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German Government strengthens international law

30.04.2008 - Press release

The German Government has just strengthened international law and the international courts by officially recognizing the compulsory jurisdiction of the International Court of Justice. Germany may thus now be a party to any dispute before the Court brought by or against another state that has also declared its acceptance of the Court's compulsory jurisdiction.

After obtaining the approval of the Cabinet, the Federal Foreign Office will tomorrow (1 May) deposit a declaration with the Secretary-General of the United Nations in New York accepting the compulsory jurisdiction of the International Court of Justice (ICJ) in accordance with Article 36 (2) of the ICJ Statute.

Germany will be the 66th state to recognize the compulsory jurisdiction of the ICJ. From now on, if Germany is involved in any international dispute over which the Court has jurisdiction, Germany may bring an action against or be sued by any other state that has made an equivalent declaration. This was previously only possible in the event of disputes based on international treaties that expressly named the ICJ as the competent court, or disputes that the parties thereto had especially agreed to submit to the ICJ. Germany has not accepted the compulsory jurisdiction of the court for disputes relating to military operations abroad or the use of German territory for military purposes.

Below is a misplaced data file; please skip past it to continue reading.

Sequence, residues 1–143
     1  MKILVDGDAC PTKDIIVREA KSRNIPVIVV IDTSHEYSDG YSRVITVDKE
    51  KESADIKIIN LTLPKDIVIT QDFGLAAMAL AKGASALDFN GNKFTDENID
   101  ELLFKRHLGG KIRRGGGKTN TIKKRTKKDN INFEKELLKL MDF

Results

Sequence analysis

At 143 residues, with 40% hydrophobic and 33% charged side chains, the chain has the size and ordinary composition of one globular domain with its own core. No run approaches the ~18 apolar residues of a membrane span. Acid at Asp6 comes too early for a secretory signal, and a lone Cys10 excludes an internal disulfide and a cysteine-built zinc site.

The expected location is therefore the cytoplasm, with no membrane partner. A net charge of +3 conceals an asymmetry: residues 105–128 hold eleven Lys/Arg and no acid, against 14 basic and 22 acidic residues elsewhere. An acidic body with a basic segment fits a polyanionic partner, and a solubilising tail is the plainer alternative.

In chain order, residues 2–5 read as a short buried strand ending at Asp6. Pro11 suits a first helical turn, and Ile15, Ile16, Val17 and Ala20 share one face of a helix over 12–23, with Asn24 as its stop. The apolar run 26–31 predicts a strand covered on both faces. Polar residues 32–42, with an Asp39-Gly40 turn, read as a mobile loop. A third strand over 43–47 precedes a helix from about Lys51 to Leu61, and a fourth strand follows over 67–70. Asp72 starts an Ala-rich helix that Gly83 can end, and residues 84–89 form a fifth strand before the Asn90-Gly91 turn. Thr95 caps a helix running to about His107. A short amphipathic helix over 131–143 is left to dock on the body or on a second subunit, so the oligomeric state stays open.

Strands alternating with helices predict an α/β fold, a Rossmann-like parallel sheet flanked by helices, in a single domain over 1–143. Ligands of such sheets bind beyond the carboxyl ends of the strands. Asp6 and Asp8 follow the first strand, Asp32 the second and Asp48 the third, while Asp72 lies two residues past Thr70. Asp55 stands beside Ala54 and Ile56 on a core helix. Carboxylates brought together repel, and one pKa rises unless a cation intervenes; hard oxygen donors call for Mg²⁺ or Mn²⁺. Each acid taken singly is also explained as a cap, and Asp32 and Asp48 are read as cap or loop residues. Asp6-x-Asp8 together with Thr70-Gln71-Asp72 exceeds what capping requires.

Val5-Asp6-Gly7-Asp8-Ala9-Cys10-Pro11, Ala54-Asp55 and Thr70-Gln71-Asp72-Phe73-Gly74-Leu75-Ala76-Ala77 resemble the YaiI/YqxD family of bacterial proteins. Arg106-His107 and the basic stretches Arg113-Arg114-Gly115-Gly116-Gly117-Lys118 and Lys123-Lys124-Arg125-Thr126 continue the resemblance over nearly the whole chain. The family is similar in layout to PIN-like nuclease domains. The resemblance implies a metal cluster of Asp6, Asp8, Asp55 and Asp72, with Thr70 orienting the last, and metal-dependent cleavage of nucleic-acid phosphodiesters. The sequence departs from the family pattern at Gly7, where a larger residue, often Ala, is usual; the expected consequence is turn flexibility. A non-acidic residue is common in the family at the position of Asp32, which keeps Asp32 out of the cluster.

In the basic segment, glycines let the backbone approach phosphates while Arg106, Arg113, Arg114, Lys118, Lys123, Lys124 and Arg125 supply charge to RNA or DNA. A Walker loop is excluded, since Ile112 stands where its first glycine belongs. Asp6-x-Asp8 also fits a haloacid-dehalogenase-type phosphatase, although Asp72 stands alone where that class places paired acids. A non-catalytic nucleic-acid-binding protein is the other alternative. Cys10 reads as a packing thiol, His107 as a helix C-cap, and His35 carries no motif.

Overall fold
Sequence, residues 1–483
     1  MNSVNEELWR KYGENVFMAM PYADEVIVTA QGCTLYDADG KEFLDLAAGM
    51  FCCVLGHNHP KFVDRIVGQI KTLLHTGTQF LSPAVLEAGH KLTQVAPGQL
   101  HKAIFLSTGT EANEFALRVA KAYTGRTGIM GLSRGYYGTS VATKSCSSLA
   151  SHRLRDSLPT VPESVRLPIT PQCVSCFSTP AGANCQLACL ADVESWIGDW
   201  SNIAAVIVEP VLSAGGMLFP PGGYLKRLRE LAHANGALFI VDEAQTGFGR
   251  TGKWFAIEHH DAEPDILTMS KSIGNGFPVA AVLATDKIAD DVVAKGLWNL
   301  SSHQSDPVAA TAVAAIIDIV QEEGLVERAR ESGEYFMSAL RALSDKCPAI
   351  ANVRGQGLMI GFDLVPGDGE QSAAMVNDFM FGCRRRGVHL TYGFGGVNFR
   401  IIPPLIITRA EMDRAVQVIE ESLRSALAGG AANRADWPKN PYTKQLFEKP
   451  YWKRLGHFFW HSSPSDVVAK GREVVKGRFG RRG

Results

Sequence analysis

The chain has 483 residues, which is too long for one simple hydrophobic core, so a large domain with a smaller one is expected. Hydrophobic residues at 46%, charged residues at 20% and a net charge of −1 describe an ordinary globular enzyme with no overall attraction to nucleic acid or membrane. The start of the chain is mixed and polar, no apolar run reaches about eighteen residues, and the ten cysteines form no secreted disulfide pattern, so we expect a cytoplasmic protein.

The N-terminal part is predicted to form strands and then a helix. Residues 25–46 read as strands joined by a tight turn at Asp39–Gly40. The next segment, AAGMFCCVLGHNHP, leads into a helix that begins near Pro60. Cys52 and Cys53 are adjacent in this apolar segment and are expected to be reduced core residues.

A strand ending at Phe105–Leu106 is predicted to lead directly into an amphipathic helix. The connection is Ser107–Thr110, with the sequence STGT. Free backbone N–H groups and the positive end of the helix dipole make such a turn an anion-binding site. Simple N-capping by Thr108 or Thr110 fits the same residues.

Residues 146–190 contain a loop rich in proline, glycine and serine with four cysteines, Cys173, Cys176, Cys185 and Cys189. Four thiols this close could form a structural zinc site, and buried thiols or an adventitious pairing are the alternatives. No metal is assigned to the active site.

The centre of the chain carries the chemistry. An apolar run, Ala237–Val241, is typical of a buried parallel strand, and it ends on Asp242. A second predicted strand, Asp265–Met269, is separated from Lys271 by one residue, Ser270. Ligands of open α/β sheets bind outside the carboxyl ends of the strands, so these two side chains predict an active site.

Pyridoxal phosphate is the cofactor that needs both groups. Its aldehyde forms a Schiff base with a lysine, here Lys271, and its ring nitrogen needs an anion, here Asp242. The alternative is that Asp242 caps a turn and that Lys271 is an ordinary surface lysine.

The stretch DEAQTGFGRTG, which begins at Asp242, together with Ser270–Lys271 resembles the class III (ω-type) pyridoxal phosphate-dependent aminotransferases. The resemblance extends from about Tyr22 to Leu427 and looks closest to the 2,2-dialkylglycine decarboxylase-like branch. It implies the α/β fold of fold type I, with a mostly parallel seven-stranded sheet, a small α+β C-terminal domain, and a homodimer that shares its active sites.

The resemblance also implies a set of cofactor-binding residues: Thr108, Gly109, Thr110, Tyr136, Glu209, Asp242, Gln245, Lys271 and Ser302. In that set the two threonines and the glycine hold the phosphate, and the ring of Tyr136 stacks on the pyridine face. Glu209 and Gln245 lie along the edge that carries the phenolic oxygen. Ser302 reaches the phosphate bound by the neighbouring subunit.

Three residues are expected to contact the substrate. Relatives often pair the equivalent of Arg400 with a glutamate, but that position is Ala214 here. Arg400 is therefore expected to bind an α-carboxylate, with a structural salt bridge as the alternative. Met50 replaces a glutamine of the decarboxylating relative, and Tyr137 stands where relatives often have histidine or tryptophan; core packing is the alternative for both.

By accepting the Court's jurisdiction in this way, the German Government is strengthening international law and the international courts.

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